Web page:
Weekday Dinner – Accidentally Vegan Spiced Quinoa Curry Recipe
Whether this is a soup, a stew, or a curry recipe, we don’t know yet. We tried to determine that when we served it but we found ourselves in a bit of a pickle: Jake says it’s definitely a curry, while for me it was more of soupy stew. We ended up settling on curry just because I couldn’t find any more arguments on why we should call it a soup so here we are.
Anyway, point is, as it usually happens to us before grocery-day, we found ourselves with the fridge mostly empty and the two of us very hungry. So we thought: what’s easy and tasty and fairly easy to make? A curry. And it turned out to be absolutely amazing if I say so myself.
A note on the spices: you might want to adjust the amount of cayenne pepper (or take it out altogether) if you’re very sensitive to hot stuff. We’re fairly used to spices and we didn’t find this particularly hot, but we do appreciate that we’re very used to it by now. On the other hand, if you’re a hot-food-junkie, I’d add a few chilli flakes to the mix too, or maybe just an extra pinch of cayenne.
Vegan Moroccan Spiced Quinoa Curry
- Chef's Knife
- Dutch Oven
- Medium pot
For the Soup
- 1 and 1/2 tbsp olive oil (keep 1/2 tbsp for the quinoa)
- 1 red onion
- 3 cloves garlic (keep 1 aside for the quinoa)
- 2 tsp paprika
- 1/2 tsp black peppercorn
- 1 tsp salt
- 1 and 1/2 tsp turmeric (keep 1 tsp aside for the quinoa)
- 1/2 tsp ground ginger
- 1/2 tsp ground cumin
- 1/2 tsp ground coriander
- 1/2 tsp cayenne pepper
- 1/4 tsp saffron
- 500 ml vegetable broth
- 400 g chopped tomatoes
- 10 cherry tomatoes (halved)
- 1 lemon (juice)
- 1 butternut squash (peeled and diced)
- 4 medium carrots (peeled and diced)
For the Quinoa
- 1/2 tbsp olive oil (from before)
- 1 small shallot or small white onion
- 1 clove garlic (from before)
- 1 tsp turmeric (from before)
- 180 g quinoa (washed and drained)
- 400 ml vegetable broth
- Mint leaves to garnish
For the Soup
- Start by peeling and dicing the onion, butternut squash and carrots and mince the garlic.
- Heat the tablespoon of olive oil in a dutch oven and when it's hot, add the onion. Cook until translucent on a low-medium heat (approx. 10 minutes). When cooked, add all the spices and stir for 1 minute. Add the minced garlic and stir for 1 minute.
- Add the can of chopped tomatoes, the cherry tomatoes, the 500 ml of broth and the lemon juice. Bring to a boil.
- When it boils, add the butternut squash and the carrots. Cover and cook for approximately 20 minutes or until the vegetables are tender. Season with salt and pepper to taste.
For the Quinoa
- Wash the quinoa thoroughly and drain.
- Heat the olive oil and add the shallot. Cook until translucent (approximately 10 minutes). Add the turmeric and stir for a few seconds. Add the garlic and stir again for one minute.
- Add the quinoa and toast it for 1-2 minutes and then cover with the broth. Cook for 15 to 18 minutes or until the broth is completely absorbed.
- Serve while it's hot. Garnish with a few chopped leaves of fresh mint.
It’s Spooky Season!
We carved our pumpkin and I’m very much making the most out of this season’s ingredients, to the point that by the time we get to Christmas I might hate anything squash-related. But for now, I’m still very excited to use it in a variety of different ways.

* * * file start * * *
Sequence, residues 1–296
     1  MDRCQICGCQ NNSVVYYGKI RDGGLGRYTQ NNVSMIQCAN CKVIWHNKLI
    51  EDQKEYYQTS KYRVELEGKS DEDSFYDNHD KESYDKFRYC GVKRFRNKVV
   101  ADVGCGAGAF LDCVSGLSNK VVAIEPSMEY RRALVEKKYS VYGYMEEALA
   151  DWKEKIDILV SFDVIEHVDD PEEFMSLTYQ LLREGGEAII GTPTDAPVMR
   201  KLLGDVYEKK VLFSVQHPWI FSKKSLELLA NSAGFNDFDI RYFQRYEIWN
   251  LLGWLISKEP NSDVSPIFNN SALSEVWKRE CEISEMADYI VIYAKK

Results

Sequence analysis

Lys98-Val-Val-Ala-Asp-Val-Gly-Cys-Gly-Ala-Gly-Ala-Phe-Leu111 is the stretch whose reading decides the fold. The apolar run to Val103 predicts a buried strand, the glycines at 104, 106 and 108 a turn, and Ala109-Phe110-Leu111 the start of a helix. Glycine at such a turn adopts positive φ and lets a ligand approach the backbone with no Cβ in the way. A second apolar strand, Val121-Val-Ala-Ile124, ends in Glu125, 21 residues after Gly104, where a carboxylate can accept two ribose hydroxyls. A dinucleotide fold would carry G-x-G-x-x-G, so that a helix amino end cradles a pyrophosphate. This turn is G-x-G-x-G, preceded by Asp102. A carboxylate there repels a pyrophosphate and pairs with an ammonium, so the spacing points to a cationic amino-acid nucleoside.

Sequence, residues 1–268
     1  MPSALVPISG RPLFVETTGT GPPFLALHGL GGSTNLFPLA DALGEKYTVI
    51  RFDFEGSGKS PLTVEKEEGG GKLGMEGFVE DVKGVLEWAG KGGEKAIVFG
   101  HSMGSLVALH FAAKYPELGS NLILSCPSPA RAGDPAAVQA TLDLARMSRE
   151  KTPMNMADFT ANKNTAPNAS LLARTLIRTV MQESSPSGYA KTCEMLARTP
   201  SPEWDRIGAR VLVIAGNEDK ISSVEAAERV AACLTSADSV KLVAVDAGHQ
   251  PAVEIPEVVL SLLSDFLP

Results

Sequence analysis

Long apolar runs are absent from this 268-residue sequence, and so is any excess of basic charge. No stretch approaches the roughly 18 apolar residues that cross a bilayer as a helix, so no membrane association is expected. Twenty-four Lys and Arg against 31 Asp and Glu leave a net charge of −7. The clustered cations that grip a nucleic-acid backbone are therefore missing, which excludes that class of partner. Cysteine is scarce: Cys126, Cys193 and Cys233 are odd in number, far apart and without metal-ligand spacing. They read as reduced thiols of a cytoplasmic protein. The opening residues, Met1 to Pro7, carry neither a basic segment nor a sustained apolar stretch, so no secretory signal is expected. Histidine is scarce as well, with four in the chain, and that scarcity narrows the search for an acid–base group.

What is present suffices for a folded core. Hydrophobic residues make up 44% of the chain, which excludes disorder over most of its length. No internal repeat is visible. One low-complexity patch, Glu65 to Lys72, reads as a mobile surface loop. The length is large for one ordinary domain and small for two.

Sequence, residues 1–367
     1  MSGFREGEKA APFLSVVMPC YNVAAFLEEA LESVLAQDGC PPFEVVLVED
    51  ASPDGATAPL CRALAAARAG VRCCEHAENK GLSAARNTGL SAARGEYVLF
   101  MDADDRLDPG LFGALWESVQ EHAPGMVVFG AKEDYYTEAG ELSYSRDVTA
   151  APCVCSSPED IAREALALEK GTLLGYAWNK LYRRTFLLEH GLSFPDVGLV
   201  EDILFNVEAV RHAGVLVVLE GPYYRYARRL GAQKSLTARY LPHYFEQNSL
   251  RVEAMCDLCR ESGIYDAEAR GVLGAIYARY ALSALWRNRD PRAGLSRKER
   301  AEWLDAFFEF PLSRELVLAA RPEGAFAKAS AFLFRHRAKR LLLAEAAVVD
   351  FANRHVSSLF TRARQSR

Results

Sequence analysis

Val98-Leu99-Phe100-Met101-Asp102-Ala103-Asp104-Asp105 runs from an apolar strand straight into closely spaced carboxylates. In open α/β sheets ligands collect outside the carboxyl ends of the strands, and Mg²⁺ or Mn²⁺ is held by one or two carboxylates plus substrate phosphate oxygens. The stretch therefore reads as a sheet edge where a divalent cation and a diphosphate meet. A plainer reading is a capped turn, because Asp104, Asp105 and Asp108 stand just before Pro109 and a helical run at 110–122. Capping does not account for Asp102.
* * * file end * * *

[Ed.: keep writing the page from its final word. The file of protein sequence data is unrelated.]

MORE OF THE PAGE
If you need more inspiration on how to use your squash, we also have this Indian curry recipe (another vegan one!) to tickle your tastebuds. On that note, we might potentially add a whole new category to our list called Accidentally Vegan, as it seems to be happening more and more often lately. And weirdly enough, while I used to believe that vegan recipes were somehow more difficult due to the necessity of substituting ingredients, these are the recipes that we end up making when we were literally out of… well, anything.
On the authenticity of this spiced quinoa curry recipe
As usual, my assessment of this having a Moroccan flavour is totally based on my limited and very much butchered knowledge of Moroccan food, being someone that lives in the UK that never managed to go to Morocco. So take this with a pinch of salt. We discussed the issue of food authenticity when we had our take on this Moroccan chicken tagine. What I can tell you though, it’s that this vegan curry was absolutely great and I cannot wait to make it again.
If any Moroccan or Moroccan-food expert is here, please do get in touch with us because we really do want to get this right!
I’m not gonna give you a lecture on how important seasonality is, but I’m afraid that’s exactly what it’s gonna sound like – so here are a few bullet points on why eating seasonal food is something we should all do:
- the food is just better! It tastes better and it looks better – what’s not to like??
- it’s better for the environment (we sadly know we can’t save the planet if the big corps don’t do anything about it, but we like to do our bit when we can)
- more nutrients for your body
- it’s good for your mental health
It can be tricky to know when a fruit or vegetable is in season or not – while we all know that pumpkins are clearly autumn produce, would you be able to tell when radishes are in season?
(I personally just found out myself, it’s in summer).
You’ll learn what your go-tos are very quickly but if you need some help we recommend the Seasonal Food Guide app. Of course, I cannot physically talk about seasonality without mentioning Oddbox for the 10th time (who am I kidding, let’s say 30th) – most of my newly-acquired knowledge on seasonal food mostly came from their boxes and their lovely food pun-heavy leaflet.